The Best Laptop Ever Made  

Marco Arment:

Apple has made many great laptops, but the 15-inch Retina MacBook Pro (2012–2015) is the epitome of usefulness, elegance, practicality, and power for an overall package that still hasn’t been (and may never be) surpassed.

This piece really resonates. I’ve used this computer as my primary workstation for 25 months and it’s still going strong. Some day I will have to buy its replacment, but Apple has yet to ship a laptop that is its superior.

Zwift Raises Its Monthly Subscription to $14.99  

Eric Min, CEO:

From a scrappy little team that could all fit around a table and share a meal, Zwift’s staff has grown to over a hundred people including programmers, artists, designers, testers, community managers, coaches, marketers, and an awesome support staff working to help Zwifters when they have questions.

In order to continue to make Zwift bigger, better and more beautiful, we are updating our membership price to $14.99 per month, effective today. As a way of saying thank you, however, to the awesome Zwifters who helped us get here, your pricing will not change for one year.

There’s nothing like Zwift. It’s one of my favorite pieces of software. I ride outdoors in the summer, but during rainy days and in the cold of winter, Zwift is where it’s at. I knew the company was growing but I had no idea that there are now more than a hundred people at it. That’s fantastic.

This price increase might be a slight barrier to new customers, but I can’t imagine that anyone who’s experienced Zwift will mind the jump when it happens. Grandfathering the old pricing to preexisting customers for a year isn’t something the company had to do, but it’s a nice touch.1


  1. Far better to reward preexisting customers than to offer signup incentives for which your loyal base isn’t eligible. ↩︎

GitHub Introduces Teletype for Atom  

From the GitHub blog:

Writing code with other developers can be a great way to onboard teammates, get to know how your peers think, and learn new skills. Unfortunately, writing code together can be difficult to coordinate.

Now social coding is easier than ever with Teletype for Atom—a new way to dive right into code with remote collaborators. Work together in real time with your own configurations in your own programming environment on any file you can open in Atom.

I hear BBEdit is going to get this any day now.

Ditch jQuery

After stewing over Alex Russell’s performance budget for some time, I reduced my JavaScript footprint last night from 105KB to 18KB by removing jQuery as a dependency.1 I rewrote my use of jQuery into pure JavaScript. As a result, the site loads faster — consistently under 100ms — with zero setbacks to the user experience.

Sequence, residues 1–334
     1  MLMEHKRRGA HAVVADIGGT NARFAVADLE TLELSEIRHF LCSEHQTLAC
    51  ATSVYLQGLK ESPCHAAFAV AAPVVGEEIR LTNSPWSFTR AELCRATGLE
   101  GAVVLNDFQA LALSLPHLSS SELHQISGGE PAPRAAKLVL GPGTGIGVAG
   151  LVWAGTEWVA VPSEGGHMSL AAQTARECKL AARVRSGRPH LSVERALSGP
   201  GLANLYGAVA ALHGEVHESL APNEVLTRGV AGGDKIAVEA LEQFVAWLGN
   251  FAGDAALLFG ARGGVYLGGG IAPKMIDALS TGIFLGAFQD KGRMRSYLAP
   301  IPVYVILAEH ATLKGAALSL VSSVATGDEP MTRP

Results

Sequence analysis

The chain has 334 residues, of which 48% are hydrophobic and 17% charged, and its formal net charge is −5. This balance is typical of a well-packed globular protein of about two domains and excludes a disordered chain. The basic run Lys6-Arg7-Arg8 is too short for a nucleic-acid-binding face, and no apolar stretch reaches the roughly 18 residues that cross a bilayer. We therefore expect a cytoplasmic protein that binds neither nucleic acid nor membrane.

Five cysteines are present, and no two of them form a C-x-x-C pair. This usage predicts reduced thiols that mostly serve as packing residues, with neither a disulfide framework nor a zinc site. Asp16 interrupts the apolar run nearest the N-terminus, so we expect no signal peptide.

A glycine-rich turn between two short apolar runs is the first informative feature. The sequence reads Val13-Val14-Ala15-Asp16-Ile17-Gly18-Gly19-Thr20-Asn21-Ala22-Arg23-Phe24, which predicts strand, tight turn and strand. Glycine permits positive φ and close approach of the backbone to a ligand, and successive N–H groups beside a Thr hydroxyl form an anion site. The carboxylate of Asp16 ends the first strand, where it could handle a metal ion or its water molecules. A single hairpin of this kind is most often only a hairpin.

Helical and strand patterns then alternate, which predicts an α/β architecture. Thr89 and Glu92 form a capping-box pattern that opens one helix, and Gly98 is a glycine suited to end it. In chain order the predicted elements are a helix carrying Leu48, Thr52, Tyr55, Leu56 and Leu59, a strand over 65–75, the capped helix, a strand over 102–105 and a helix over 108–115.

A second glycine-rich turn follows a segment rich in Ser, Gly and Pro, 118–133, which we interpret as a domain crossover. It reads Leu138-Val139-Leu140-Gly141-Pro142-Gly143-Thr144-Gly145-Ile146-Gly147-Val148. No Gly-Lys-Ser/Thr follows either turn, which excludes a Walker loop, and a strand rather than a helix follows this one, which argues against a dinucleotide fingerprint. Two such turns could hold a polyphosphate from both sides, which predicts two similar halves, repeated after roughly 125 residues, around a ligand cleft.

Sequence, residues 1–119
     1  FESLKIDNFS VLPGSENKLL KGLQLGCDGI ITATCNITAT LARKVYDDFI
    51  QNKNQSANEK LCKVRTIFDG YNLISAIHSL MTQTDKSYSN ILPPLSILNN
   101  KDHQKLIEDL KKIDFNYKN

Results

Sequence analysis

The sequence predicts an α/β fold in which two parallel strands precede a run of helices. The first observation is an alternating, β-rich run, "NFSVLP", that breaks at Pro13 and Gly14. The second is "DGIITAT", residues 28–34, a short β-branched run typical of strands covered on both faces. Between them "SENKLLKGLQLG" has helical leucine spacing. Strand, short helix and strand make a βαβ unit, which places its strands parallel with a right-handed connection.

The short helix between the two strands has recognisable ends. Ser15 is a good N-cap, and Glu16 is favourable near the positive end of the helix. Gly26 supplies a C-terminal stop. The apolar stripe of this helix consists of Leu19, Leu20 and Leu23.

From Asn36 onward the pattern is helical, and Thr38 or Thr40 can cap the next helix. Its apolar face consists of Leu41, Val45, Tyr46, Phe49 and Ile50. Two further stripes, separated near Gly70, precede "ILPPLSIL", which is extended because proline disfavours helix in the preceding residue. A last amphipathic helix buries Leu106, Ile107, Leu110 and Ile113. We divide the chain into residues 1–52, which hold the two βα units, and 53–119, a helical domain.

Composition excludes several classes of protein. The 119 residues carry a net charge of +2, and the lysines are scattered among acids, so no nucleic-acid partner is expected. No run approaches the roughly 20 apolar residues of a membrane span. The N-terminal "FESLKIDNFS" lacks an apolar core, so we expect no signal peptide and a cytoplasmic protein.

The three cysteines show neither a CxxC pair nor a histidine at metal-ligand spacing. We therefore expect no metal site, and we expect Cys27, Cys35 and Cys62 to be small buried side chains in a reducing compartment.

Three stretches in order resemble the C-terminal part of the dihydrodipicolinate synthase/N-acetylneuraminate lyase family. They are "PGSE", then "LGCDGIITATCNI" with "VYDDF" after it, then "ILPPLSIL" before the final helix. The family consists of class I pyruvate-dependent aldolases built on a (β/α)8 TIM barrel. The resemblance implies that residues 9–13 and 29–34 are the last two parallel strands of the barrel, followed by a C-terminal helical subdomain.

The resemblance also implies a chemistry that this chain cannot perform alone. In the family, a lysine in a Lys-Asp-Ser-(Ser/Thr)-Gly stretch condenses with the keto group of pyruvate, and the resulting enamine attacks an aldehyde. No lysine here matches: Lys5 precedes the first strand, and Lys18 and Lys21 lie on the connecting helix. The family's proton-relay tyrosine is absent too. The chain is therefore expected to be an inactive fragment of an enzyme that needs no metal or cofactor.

jQuery has been called a “find something do something” library, and that’s an accurate description for it. It is not a robust library for reactively perculating state changes through a UI. If you want that, you’ll use VueJS or React or Angular. Since those libraries are heavier than my simple frontend needs at this site however, I chose to just go with pure JavaScript.

When jQuery was first released in August 2006, it solved a real need, because these aforementioned frameworks didn’t exist and native JavaScript was bad at “find something do something.” Eleven years later, that’s changed. jQuery is redundant. The native abilities in JavaScript to fetch DOM objects by class name, to manipulate those classes, and to transverse up and down the DOM from a specific object, are all only slightly more verbose than their jQuery equivalents.

Sure, it’s still a wee faster writing jQuery than pure JavaScript, but hardly for someone well-versed in the native abilities of JavaScript, and whatever miniscule time savings jQuery affords is not worth the additional 82-87KB in file size that results in its use.

For the more curious, here’s a gist of the pure JavaScript for Drinking Caffeine.


  1. Of that 18KB, 16KB of it is for PrismJS syntax highlighting. If I were fine doing without that, my JavaScript would be a mere 2KB. ↩︎

Javascript Spread Operator in Object Literals Available in Chrome but Not Safari  

Here’s another reason Chrome is better than Safari: because it adapts new JavaScript specifications faster.1 As of Chrome 60, which was released July 25 of this year, you can use the spread operator in object literals. If you pop open your browser console, this will work in Chrome but not Safari.

const user = { firstName: 'Martyn' }
const clonedUser = { ... user }

In Safari, you get this error:

SyntaxError: Unexpected token ‘…’. Expected a property name.

No, hey, sweetie, no.


  1. If you’re the sort of person who thinks this is a mute point because JavaScript shouldn’t be able to run in a browser in the first place, I have nothing to say to you other than that I hope you’re enjoying the weather in Philly. ↩︎

“Don't Muck My Markup” Update for PHP 7  

I’ve udated my one and only public WordPress plugin to be compatible with PHP 7. From the release notes from today’s update:

PHP 4 style constructors (methods that have the same name as the class they are defined in) are deprecated in PHP 7, and this update fixes the warning about this that you get when you’ve set define('WP_DEBUG', true); in your wp-config.php file.